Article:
Guest opinion: Clean Air Act must protect Big Sky country

From NRDC. I would rather read this article on email than walk outside in subzero temperatures to get this read…an option for me…Thanks to NRDC I do not have to.
Matt

By RANDY HAFER, MIKE TUSS and CAROLYN VILLA The Billings Gazette | Posted: Saturday, November 20, 2010 12:00 am | (22) Comments

Montana’s Big Sky is worth bragging about — but only if it’s a clean sky. The 40-year-old Clean Air Act has kept it clean and proves every day that jobs and the environment are partners, not competitors.

The Clean Air Act’s health benefits are vast — especially for kids — preventing more than 18 million child respiratory illnesses and 300,000 premature deaths, and dramatically reducing the number of children with IQs below 70 by taking lead out of gasoline. We’ll avoid over 250 million skin cancer cases between 1989 and 2075 by phasing out ozone-depleting chemicals.

The Clean Air Act helped our economy by saving money and creating jobs. The Main Street Alliance and Small Business Majority’s new report, “The Clean Air Act’s Economic Benefits: Past, Present and Future,” shows that for every dollar in compliance costs, the U.S. economy gains $4 to $8 — a minimum 400 percent return!

The biggest economic benefits flowed into local economies in savings on energy, fuel and health costs. Air pollution limits drive efficiency improvements, reducing our dependence on fossil fuels and improving our competitiveness. Consumers and local businesses can keep money in their pockets, instead of wasting energy and paying higher health costs.

After 40 years of success, the Clean Air Act has a critical new job: Help America develop effective clean energy and climate solutions that create good paying sustainable jobs.

In Montana, we can’t wait any longer to implement solutions. Glaciers, snowpack — our natural storage tanks — are shrinking, threatening water for farming and ranching and our $3 billion tourism and recreation industries. Forest pests usually killed off by deep winter freezes run rampant. Dead trees — fuel for the next big fires — are everywhere. As fires burn and temperatures rise, so do the threats of increased respiratory diseases.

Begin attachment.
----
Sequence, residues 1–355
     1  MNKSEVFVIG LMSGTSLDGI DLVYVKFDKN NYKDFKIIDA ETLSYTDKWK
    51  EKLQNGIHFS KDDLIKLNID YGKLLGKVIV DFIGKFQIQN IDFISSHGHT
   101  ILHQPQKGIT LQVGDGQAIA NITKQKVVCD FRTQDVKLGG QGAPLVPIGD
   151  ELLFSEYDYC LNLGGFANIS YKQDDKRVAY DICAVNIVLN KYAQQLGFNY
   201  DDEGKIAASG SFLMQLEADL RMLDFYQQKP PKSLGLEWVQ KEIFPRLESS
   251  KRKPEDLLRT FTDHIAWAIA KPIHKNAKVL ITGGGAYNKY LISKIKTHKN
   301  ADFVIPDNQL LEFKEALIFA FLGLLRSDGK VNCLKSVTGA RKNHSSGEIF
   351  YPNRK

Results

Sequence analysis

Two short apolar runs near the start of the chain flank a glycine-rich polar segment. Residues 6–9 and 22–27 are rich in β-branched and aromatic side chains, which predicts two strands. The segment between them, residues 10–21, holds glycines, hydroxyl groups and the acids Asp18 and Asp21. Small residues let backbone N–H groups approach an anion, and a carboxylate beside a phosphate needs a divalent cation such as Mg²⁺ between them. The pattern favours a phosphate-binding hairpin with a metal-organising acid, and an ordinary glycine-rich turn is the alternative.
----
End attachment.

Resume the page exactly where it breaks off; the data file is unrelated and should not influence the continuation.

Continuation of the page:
We know what’s causing climate change — primarily pollution from fossil fuels, and we can fix it by investing in clean energy — the biggest new driver for job growth. Montana has abundant untapped supplies. As growing clean energy businesses, we’re ready to develop clean energy solutions that create jobs and boost local economic development. But we need fair limits on pollution to allow Montana’s homegrown clean energy to compete on a level playing field.

Climate pollution is completely unrestricted and extremely costly. Dead trees, shrinking glaciers, and the high price of importing oil takes a big toll on Montana’s economy, costing Montanans a bundle because polluters dump as much as they want for free — one giant public subsidy for fossil fuel, an unfair, anticompetitive handicap for clean energy.

Coal is responsible for over a third of climate pollution nationwide. To be competitive in its own right, it must deal with its climate pollution, instead of just passing off the costs.

There’s little incentive to develop technologies to dispose of carbon emissions if climate pollution is free. With responsible limits on pollution, we’ll have a fair and open competition between fossil fuels and clean energy with winners and losers emerging based on their own merits.

Naturally, fossil fuel interests prefer to continue their public subsidy. But that’s wrong: it endangers public health, harms agriculture, and stifles the competition that will allow Montana and America to develop new, cleaner energy to repower our economy and deliver good, sustainable, domestic jobs. The new requirements will not affect hospitals, small farms, convenience stores, schools, homes and small businesses in Montana.

The Environmental Protection Agency is finally moving forward to limit climate pollution and position the American economy for development of climate solutions. As fossil fuel lobbyists fight to protect their unfair competitive advantage by challenging EPA’s Clean Air Act authority to address carbon pollution, tell Congress to support fair competition and public health by standing behind the Clean Air Act. It’s good for Montanans. It’s good for business. It’s OUR Big Sky, let’s work together to protect it.

Carolyn Villa works with wind energy in Billings. Randy Hafer and Mike Tuss are Billings architects. They wrote this column in collaboration with Montana ranchers and other business people, including, Peggy Beltrone of Great Falls, Scott Johnson, Wendy Weaver and Pete Strom of Bozeman; and Jim Baerg of Livingston.

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